(fl 1570). Flemish composer, active in Italy. All that is known of him comes from the single surviving partbook of his volume of four-part madrigals (RISM 157025), where he is called a Fleming. He dedicated his work, calling it ‘questa mia operetta di madrigali’, to a Genoese patrician, describing himself as ‘still young and not yet expert in music’. His madrigals, setting well-known texts by Petrarch, Ariosto and Tansillo, are called ‘madrigali aerosi’. From the surviving tenor part it would seem that at least a few of them resemble the declamatory ‘narrative’ style for which Antonio Barré had first used the term ‘arioso’ (in RISM 155522).
A Kithara player.
Fido [Fidoe, Fidow, Fidor], John
(bc1570; d ?Worcester, c1640). English organist and composer. His first recorded appointment was at Hereford Cathedral, where he was organist from 1591 until he was replaced by John Farrant in 1592. The Hereford Cathedral archives record Fido’s reappointment on 24 December 1593, although his unruly behaviour led to his dismissal in February 1595. Within less than a month Fido was appointed organist of Worcester Cathedral on the death of Nathaniel Patrick. He held this post until about October 1596. Despite his previous record the dean and chapter of Hereford again saw fit to reappoint him in 1596; he was replaced by William Inglott in the following year. By 1610 Fido was back at Worcester as a minor canon. It appears that his disagreements with the cathedral authorities were not yet over, for on 25 November 1633, after repeated admonitions, he was suspended. He was rector of St Nicholas’s Church, Worcester, from 1615 to 1636. Payments to Fido are recorded in the Worcester Cathedral Treasurer’s Accounts as late as 1639, but his name has disappeared by 1642. Of his six verse anthems (his only known compositions) only Hear me, O Lord appears to have enjoyed more than a local appeal. A Fido was employed in copying music and playing the organ at King’s College, Cambridge, in 1607, and a John Fido is mentioned in the records of the College of Vicars-choral at Wells during the early 17th century.
I.Atkins: The Early Occupants of the Office of Organist and Master of the Choristers of the Cathedral Church of Christ and the Blessed Virgin Mary, Worcester (Worcester, 1918)
J.Morehen: ‘The Southwell Minster Tenor Part-Book in the Library of St. Michael’s College, Tenbury (MS 1382)’, ML, l (1969), 352–64
W.Shaw: The Succession of Organists of the Chapel Royal and the Cathedrals of England and Wales from c.1538 (Oxford, 1991)
(b Boston, 17 Dec 1894; d Boston, 10 July 1979). American conductor and violinist. The son of Emanuel Fiedler, an Austrian-born violinist in the Boston SO and the Kneisel Quartet, who was his first teacher, he went as a boy to Berlin, where he studied the violin, the piano and conducting at the Hochschule für Musik. He made his début there at 17 as a violinist, but returned to the USA at the outbreak of World War I and joined the Boston SO as a viola player, under Muck, Monteux and Koussevitzky. In 1924, with 25 of his fellow players, he formed the Boston Sinfonietta to vary the city’s concert fare; he toured with it to remote centres in Massachusetts and neighhouring states. From 1929 he organized the highly successful outdoor series of Esplanade Concerts at Boston, where his skill in attracting and holding the interest of large audiences led the next year to his appointment as conductor, in succession to Casella, of the Boston Pops Orchestra, which he directed until his death. The Boston Pops Orchestra became a model for similar undertakings throughout the USA; when an annual summer ‘pops’ season was created in San Francisco, Fiedler was engaged to conduct the San Francisco SO (1951–78). He created a separate Boston Pops Tour Orchestra, which travelled around the USA from 1953. He also made appearances internationally as a guest conductor from 1957. Fiedler’s force of personality and eclectic approach to music (he frequently extended the orchestral repertory to include show-tune medleys and arrangements of popular songs in a variety of styles) combined with commercial success in a great quantity of television, radio and recording work to bring him a wide reputation at home and abroad.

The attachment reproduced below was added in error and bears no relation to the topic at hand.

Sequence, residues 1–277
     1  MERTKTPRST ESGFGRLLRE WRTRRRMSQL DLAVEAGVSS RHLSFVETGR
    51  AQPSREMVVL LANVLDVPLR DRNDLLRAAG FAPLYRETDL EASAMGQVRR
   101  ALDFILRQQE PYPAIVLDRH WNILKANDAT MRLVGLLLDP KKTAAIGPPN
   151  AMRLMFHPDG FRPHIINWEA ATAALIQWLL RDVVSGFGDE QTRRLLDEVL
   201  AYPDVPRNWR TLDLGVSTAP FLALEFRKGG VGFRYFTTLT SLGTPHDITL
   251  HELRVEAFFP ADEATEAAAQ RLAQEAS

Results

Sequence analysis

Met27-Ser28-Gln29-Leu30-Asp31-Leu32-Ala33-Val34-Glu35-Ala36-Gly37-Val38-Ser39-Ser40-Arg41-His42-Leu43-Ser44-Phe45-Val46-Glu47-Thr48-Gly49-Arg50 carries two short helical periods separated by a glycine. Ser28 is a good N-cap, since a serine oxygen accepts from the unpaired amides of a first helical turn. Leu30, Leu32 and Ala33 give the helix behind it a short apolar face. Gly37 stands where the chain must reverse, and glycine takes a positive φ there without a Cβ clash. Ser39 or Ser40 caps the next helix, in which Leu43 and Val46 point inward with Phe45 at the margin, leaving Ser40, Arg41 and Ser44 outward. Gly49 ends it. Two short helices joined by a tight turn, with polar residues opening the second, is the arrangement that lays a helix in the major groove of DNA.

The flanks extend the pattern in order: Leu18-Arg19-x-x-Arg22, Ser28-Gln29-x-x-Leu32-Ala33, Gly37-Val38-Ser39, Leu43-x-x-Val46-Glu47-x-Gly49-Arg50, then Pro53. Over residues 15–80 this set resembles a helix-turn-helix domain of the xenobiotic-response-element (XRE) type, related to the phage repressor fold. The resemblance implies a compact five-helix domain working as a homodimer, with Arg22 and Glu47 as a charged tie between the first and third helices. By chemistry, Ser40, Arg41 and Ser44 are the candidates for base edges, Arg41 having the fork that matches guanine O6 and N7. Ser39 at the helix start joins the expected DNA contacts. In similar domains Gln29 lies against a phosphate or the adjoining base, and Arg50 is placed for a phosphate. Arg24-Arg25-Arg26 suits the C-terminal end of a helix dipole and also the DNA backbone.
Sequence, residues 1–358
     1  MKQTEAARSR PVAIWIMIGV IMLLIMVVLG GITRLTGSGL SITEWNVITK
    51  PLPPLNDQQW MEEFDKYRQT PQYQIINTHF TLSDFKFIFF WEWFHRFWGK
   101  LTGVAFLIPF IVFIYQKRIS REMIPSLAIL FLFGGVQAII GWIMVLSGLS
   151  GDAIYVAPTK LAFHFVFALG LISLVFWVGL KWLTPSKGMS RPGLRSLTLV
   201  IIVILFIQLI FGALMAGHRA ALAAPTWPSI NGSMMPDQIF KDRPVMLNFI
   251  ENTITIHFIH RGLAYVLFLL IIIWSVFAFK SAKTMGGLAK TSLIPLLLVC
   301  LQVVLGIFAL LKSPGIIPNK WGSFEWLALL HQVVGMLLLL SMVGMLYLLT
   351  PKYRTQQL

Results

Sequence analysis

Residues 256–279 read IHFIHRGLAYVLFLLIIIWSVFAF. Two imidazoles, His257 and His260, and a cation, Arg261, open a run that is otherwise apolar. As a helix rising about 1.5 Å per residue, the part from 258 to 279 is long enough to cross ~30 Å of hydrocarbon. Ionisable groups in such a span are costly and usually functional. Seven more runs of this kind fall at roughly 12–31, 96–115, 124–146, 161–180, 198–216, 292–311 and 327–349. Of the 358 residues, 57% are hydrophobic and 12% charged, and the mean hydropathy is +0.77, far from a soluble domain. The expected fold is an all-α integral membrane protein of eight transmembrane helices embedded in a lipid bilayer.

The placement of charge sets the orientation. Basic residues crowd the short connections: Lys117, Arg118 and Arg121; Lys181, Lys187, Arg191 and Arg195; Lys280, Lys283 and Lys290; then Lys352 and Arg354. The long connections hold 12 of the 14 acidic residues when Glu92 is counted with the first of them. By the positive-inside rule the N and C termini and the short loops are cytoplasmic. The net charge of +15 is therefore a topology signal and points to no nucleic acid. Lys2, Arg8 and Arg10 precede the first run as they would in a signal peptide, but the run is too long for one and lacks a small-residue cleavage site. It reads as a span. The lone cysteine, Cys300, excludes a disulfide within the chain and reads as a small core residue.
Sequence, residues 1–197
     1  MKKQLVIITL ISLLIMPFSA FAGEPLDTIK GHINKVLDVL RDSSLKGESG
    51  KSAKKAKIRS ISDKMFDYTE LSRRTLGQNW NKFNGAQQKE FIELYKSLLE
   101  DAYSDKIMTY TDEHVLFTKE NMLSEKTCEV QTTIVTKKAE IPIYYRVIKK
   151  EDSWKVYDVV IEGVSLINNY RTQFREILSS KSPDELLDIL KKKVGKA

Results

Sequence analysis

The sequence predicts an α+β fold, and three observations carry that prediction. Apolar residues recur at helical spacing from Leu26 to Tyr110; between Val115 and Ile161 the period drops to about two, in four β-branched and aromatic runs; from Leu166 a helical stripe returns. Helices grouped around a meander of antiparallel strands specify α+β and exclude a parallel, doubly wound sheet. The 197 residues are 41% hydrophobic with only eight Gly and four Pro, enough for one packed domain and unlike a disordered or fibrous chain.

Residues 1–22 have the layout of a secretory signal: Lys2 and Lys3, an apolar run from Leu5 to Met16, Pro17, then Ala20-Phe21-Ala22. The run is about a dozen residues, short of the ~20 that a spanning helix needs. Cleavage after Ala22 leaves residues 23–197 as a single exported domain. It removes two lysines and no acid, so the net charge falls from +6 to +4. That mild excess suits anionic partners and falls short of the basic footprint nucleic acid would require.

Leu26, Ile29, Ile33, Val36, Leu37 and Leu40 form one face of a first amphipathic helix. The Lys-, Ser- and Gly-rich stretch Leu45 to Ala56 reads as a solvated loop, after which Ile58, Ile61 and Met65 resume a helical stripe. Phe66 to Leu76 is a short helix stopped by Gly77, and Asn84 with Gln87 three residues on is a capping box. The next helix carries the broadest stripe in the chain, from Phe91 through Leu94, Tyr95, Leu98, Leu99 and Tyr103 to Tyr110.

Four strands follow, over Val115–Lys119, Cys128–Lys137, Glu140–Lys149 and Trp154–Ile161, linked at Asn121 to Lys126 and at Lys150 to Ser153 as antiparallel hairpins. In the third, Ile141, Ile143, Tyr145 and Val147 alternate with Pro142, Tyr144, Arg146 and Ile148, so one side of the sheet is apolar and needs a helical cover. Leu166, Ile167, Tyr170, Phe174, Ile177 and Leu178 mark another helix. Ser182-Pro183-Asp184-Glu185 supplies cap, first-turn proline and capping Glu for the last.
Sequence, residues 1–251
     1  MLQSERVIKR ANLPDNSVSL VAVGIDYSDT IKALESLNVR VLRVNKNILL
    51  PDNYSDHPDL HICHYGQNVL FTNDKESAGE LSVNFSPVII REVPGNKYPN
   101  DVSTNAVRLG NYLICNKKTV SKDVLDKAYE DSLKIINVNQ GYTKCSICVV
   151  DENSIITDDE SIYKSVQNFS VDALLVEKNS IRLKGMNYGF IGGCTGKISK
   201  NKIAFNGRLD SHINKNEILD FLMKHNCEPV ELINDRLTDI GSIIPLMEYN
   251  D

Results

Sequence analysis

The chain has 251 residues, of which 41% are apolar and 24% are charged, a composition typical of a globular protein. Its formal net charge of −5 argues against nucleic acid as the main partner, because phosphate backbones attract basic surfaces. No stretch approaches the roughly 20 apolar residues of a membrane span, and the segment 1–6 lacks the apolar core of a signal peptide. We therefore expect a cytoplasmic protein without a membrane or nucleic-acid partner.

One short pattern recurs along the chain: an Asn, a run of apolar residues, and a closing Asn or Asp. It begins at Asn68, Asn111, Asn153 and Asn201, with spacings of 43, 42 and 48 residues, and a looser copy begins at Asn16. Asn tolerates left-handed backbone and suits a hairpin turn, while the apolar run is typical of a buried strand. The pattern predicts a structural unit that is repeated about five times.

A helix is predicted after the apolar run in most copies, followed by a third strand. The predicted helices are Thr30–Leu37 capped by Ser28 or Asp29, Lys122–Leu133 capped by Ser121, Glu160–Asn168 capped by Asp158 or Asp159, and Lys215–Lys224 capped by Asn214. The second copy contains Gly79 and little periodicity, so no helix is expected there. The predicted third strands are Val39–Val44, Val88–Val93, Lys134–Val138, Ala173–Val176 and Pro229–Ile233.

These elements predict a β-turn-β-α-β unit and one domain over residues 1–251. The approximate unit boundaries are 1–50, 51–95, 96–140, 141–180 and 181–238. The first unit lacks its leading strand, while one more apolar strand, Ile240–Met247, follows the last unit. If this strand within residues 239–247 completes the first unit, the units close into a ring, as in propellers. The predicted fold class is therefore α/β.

R.Moore: Fiedler, the Colorful Mr. Pops (Boston, 1968) [incl. discography]
C.G.Wilson: Arthur Fiedler, Music for the Millions (New York, 1968)
J.R.Holland: Mr. Pops (Barre, MA, 1972)
H.E.Dickson: Arthur Fiedler and the Boston Pops (Boston, 1981)
Fiedler, (August) Max
(b Zittau, 31 Dec 1859; d Stockholm, 1 Dec 1939). German conductor and composer. He first studied the piano under his father, Karl August Fiedler, and later entered the Leipzig Conservatory (1877–80), intending to become a concert pianist. He was on the staff of Hamburg Conservatory, 1882–1908, and director from 1903. In 1904 he assumed the conductorship of the Philharmonic concerts in Hamburg. He visited England in 1907, and was conductor of the Boston SO from 1908 to 1912. In 1916 he was appointed music director to the city of Essen, where he remained until 1934; he then lived in Berlin and Stockholm, where he was active as a guest conductor, and also as a piano accompanist.
As a conductor Fiedler had a wide repertory, including Classical, Romantic and contemporary works, among them music by Strauss and Russian composers; it was, however, as a conductor of Brahms that his reputation chiefly stood. He was noted for his spontaneity and the natural musicianship of his interpretations. His compositions include chamber music (notably a string quartet and a string quintet), piano music, songs and choral works, and a number of orchestral pieces, which, apart from two overtures Lustspiel (1914) and Essen (1933), are mostly early works.
MGG1 (F. Felders)
G.Dejmek: Max Fiedler: Werden und Wirken (Essen, 1940)